Yury Gogotsi, PhD, the Charles T. and Ruth M. Bach Distinguished University Professor in Materials Science and Engineering, has been named a Citation Laureate by Clarivate Analytics for his groundbreaking research advancing the development of carbon-based materials such as carbide-derived carbons, carbon onions, and nanodiamonds, and their applications in capacitive energy storage.
Read the full story here.
The promise of wearables, functional fabrics, the Internet of Things, and their “next-generation” technological cohort seems tantalizingly within reach. But researchers in the field will tell you a prime reason for their delayed “arrival” is the problem of seamlessly integrating connection technology — namely, antennas — with shape-shifting and flexible “things.”
But a breakthrough by researchers in Drexel’s College of Engineering, could now make installing an antenna as easy as applying some bug spray.
In research recently published in Science Advances, the A.J. Drexel Nanomaterials Institute reports on a method for spraying invisibly thin antennas, made from a type of two-dimensional, metallic material called MXene, that perform as well as those being used in mobile devices, wireless routers and portable transducers. Read the full story here: https://drexel.edu/now/archive/2018/September/MXene-spray-antennas/
Here is the link to the YouTube video that’s embedded in it as well:
This new publication is receiving international coverage from around the globe. View some partner stories here:
A. Sarycheva, A. Polemi, Y. Liu, K. Dandekar, B. Anasori, Y. Gogotsi, 2D Titanium Carbide (MXene) for Wireless Communication, Science Advances, 4, eaau0920 (2018)
The August issue of MRS Bulletin features our work on vertically aligned MXene nanosheets. Read the full article here.
Drexel Electrochemistry Society Students are featured in the fall issue of Interfaces. View the full article here.
Antenna testing requires special conditions where no signal could interfere with the experiment. This could be achieved in anechoic chamber, a shielded room that creates a “quiet zone”. PhD Student Asya Sarycheva utilizes these anechoic chamber at Daejeon Techno park during her summer research visit in South Korea, allowing her to test novel MXene antennas to precisely define radiation properties.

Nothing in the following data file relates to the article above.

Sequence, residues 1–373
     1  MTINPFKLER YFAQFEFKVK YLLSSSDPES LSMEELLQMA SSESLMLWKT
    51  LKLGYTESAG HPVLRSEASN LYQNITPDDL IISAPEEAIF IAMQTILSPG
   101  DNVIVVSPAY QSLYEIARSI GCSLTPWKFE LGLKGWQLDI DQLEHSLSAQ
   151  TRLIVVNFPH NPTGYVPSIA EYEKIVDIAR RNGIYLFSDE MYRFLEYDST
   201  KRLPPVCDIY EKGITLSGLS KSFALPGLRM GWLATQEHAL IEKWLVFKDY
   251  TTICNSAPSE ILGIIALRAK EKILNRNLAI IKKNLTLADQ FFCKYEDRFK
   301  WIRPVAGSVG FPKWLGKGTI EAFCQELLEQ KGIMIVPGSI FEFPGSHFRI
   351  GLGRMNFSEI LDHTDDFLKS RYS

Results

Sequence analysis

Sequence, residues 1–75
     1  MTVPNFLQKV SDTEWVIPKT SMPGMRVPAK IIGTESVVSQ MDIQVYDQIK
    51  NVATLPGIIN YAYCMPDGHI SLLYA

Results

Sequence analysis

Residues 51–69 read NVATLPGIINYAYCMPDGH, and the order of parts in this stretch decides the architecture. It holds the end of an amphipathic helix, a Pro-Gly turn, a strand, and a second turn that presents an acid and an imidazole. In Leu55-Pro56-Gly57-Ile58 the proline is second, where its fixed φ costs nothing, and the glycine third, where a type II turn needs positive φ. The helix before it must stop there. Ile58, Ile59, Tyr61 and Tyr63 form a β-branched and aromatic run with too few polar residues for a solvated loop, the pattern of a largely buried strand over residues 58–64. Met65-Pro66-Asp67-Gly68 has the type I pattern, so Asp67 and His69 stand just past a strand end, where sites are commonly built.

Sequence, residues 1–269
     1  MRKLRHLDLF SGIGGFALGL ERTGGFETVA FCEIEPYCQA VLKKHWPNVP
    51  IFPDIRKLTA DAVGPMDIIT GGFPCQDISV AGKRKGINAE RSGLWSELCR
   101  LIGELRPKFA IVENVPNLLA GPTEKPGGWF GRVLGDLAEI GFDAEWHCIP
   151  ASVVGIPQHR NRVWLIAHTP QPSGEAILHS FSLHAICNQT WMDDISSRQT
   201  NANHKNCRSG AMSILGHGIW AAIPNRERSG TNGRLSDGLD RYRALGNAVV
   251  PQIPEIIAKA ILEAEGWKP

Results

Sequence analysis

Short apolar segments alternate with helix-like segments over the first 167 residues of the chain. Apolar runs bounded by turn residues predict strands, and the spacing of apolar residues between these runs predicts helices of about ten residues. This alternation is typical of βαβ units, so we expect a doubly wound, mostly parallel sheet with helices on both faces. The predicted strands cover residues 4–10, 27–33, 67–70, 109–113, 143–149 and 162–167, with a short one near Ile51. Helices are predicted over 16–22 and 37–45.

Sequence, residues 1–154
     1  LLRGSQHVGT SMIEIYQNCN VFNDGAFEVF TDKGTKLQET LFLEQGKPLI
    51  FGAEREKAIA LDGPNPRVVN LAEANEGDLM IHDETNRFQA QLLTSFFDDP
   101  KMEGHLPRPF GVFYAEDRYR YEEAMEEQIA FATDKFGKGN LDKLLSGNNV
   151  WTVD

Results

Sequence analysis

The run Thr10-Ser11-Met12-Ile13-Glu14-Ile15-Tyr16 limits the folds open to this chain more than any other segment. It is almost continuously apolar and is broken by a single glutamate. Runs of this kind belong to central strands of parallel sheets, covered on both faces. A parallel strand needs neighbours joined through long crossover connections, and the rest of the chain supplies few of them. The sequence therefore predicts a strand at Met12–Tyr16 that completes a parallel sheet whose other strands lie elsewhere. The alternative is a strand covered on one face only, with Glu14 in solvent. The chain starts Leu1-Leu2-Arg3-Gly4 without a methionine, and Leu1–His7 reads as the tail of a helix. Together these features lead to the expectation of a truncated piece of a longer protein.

Please join me in congratulating Research Associate, Dr. Mykola Seredych, his 3 capable undergraduate assistants, Viktoriia, Paul and Bernard, as well as our former team members Fayan and Vadym and our collaborators in Brighton and elsewhere on a cover article. Their work was selected for the cover of the second issue of ACS Applied Biomaterials. This is our first paper in this new ACS journal.
M. Seredych, B. Haines, V. Sokolova, P. Cheung, F. Meng, L. Stone, L. Mikhalovska, S. Mikhalovsky, V. N. Mochalin, Y. Gogotsi, Graphene-Based Materials for the Fast Removal of Cytokines from Blood Plasma, ACS Applied Bio Materials, 1 (2), 436–443 (2018)
View the cover and article here
Our former visiting student Chi Chen has successfully defended his PhD thesis and obtained a postdoctoral position at the University of Tokyo. Next month he will join Prof. Atsuo Yamada’s lab. Prof. Yamada is a leading battery researchers and his group has been quite active in research on electrochemical applications of MXenes, especially in Na-ion batteries and capacitors. Congratulations to Chi!
The European Commission has awarded Drexel a new associate partnership in a global consortium of universities offering graduate students a fully funded Master’s in Materials for Energy Storage and Conversion (MESC). Drexel is the only American university partnered with the prestigious MESC program and is funded at approximately $3.4M for implementation and scholarships.
Begun in 2005 and re-booted as MESC+ this summer, the program is conducted through eight research institutions in six countries, giving graduate students a multicultural experience at some of the world’s leading energy laboratories — with courses taught entirely in English.
Read the full story here.
Congratulations to NSF-REU student, Kevin Juan, who won the first place in the REU poster competition today. Kudos to his mentor Dr. Narendra Kurra and thanks to the NMG team for support.
Congratulations to co-op researcher, Natalia Noriega Pedraza, who has just been awarded the 2018 George A. Roberts Scholarship from ASM.
The George A. Roberts Scholarship award provides $6,000 towards educational expenses for one academic year. It is awarded to an outstanding undergraduate student who demonstrates exemplary academic and personal achievements, interest and potential in metallurgy or materials science and engineering, as well as financial need. The scholarship was established in 1995 by ASM Past President Dr. George A. Roberts to help further the education of students serving as role models in the field.
Natalia will attend the Materials Science & Technology Conference that is being held October 14-18, 2018, Columbus, OH to receive the award in person.
Natalia was also awarded a $3,000 scholarship, Clayton Family Scholarship from the Center for Powder Metallurgy Technology. Congratulations!